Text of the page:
China

It may be the world’s biggest polluter, but China is also the world’s largest investor in renewable energy, with huge levels of investment both domestically and internationally. At present, China owns five of the world’s six largest solar module companies, and is the largest wind turbine manufacturer; The world’s largest producer of lithium ions. And the world’s largest power generation company. China is fully committed to reducing fossil fuel consumption and has all the incentives to do so, especially in highly polluted cities.

Air pollution in Chinese cities is one of the main drivers of the Chinese government in switching to renewable energy sources

With a leadership position in the production of renewable energy, as well as related technologies such as electric cars, Forbes already wants to become a “renewable energy powerhouse”. “No country has done more or worked to become the global superpower in the field of renewable energy,” the text reads.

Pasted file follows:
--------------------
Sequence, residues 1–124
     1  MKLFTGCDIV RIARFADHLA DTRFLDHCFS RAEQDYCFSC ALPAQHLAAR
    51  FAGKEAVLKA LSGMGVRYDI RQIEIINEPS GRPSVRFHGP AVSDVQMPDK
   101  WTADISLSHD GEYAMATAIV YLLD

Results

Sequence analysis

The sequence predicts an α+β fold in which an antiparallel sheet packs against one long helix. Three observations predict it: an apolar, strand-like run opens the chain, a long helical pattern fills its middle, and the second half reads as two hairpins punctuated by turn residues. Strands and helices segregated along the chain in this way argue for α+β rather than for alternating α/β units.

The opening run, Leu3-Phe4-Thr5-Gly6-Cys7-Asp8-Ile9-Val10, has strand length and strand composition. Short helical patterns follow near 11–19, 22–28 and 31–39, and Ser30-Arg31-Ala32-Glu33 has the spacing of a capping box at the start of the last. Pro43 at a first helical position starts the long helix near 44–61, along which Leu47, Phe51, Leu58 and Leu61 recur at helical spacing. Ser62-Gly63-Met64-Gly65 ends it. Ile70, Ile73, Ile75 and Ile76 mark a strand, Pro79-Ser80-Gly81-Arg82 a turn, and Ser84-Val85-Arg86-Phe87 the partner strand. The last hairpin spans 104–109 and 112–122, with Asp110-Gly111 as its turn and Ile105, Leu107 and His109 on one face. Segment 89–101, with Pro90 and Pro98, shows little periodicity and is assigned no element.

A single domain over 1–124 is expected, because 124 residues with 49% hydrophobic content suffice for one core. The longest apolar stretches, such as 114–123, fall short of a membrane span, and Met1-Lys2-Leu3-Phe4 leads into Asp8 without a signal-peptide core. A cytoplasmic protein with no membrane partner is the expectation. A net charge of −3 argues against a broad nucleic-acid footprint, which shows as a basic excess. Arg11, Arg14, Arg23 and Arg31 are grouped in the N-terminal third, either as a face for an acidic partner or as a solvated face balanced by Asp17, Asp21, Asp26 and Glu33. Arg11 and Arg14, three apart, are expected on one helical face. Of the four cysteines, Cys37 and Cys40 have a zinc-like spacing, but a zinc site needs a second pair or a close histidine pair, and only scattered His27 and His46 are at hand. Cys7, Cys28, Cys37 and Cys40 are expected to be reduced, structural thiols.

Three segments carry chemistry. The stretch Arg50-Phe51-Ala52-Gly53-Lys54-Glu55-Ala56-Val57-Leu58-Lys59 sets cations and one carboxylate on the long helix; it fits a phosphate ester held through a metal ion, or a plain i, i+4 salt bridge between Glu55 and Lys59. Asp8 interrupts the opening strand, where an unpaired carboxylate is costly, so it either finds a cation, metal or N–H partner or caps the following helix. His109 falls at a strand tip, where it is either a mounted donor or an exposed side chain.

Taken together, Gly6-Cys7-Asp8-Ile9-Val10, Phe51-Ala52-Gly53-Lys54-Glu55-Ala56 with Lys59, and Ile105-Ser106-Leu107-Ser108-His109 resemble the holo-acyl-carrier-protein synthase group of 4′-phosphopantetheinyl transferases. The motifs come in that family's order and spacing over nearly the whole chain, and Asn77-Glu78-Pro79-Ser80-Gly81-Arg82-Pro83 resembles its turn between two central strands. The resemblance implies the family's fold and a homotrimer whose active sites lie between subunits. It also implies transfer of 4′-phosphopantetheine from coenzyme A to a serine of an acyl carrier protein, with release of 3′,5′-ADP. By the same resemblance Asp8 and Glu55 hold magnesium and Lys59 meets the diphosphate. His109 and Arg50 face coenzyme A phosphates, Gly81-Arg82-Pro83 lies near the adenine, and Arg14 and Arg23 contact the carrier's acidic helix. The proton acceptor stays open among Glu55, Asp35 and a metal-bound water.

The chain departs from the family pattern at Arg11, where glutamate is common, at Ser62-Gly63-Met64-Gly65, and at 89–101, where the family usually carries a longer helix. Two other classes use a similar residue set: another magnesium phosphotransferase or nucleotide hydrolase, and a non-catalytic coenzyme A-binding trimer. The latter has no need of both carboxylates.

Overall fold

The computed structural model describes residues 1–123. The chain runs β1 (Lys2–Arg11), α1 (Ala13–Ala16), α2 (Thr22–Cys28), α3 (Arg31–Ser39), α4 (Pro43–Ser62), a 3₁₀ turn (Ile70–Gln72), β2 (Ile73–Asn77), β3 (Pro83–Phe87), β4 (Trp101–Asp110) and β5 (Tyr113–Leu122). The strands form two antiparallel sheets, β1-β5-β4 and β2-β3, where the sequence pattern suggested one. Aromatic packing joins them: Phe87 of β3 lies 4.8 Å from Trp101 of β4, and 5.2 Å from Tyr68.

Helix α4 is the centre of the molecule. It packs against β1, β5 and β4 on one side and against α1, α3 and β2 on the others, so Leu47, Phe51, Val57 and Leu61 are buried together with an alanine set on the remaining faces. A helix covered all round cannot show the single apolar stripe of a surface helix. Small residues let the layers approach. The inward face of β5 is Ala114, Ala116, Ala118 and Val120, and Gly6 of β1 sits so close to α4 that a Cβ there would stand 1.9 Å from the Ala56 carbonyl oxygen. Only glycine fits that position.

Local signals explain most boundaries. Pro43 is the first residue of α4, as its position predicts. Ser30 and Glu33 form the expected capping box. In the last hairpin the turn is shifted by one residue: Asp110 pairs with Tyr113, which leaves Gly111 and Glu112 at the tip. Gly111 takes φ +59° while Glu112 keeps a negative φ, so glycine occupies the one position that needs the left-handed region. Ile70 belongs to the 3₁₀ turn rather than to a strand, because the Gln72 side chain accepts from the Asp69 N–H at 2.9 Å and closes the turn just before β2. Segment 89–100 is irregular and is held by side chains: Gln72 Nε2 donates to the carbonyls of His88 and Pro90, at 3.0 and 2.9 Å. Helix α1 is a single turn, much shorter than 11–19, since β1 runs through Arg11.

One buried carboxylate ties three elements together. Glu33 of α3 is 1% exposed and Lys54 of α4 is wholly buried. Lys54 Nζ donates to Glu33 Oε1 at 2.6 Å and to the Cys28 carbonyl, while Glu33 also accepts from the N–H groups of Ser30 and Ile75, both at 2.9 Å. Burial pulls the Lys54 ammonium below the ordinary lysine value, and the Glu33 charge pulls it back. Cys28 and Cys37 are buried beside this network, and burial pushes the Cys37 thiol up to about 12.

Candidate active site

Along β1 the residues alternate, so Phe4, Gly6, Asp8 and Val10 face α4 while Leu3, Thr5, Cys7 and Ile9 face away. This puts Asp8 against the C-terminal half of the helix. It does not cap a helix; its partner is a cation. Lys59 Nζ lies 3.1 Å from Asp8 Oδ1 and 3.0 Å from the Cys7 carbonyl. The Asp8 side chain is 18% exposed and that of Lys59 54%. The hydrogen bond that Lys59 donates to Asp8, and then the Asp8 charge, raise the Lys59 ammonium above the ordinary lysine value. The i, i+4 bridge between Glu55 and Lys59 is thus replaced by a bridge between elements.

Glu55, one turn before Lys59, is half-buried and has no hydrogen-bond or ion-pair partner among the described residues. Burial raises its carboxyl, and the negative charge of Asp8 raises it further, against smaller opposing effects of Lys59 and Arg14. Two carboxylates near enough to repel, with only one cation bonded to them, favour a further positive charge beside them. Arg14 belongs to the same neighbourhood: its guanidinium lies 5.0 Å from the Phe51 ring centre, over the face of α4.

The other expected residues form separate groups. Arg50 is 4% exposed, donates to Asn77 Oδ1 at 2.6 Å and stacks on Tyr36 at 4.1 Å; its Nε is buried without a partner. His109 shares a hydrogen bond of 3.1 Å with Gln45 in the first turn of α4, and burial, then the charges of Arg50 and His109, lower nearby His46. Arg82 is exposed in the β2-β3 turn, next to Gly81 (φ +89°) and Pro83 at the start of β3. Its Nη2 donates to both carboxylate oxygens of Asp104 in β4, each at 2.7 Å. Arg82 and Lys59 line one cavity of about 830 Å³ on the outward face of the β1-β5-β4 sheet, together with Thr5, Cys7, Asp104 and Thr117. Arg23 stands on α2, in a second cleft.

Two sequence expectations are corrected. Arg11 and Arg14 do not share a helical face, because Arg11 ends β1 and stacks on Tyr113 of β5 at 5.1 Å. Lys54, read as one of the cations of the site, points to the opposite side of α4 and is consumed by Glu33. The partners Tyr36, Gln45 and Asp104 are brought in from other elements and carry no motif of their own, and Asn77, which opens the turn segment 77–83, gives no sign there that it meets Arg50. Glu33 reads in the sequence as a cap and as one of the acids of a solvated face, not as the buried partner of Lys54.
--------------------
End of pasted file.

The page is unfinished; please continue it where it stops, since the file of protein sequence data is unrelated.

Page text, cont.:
Morocco, West, sunset

Morocco is a country that gets plenty of sunshine all year round (up to 350 days), so decide wisely to invest heavily in solar energy production. The first phase of the world’s largest concentrated solar power plant, which recently opened in Morocco, along with wind and hydroelectric power plants, has produced enough power for more than one million Moroccan homes by 2018. However, the country plans not only to generate Energy for itself, but also to supply it outside.

By 2020, Morocco expects to get 14% of all electricity from solar energy, and by 2030 it will increase the share of electricity obtained from renewable sources (including hydro and wind energy) to 52%.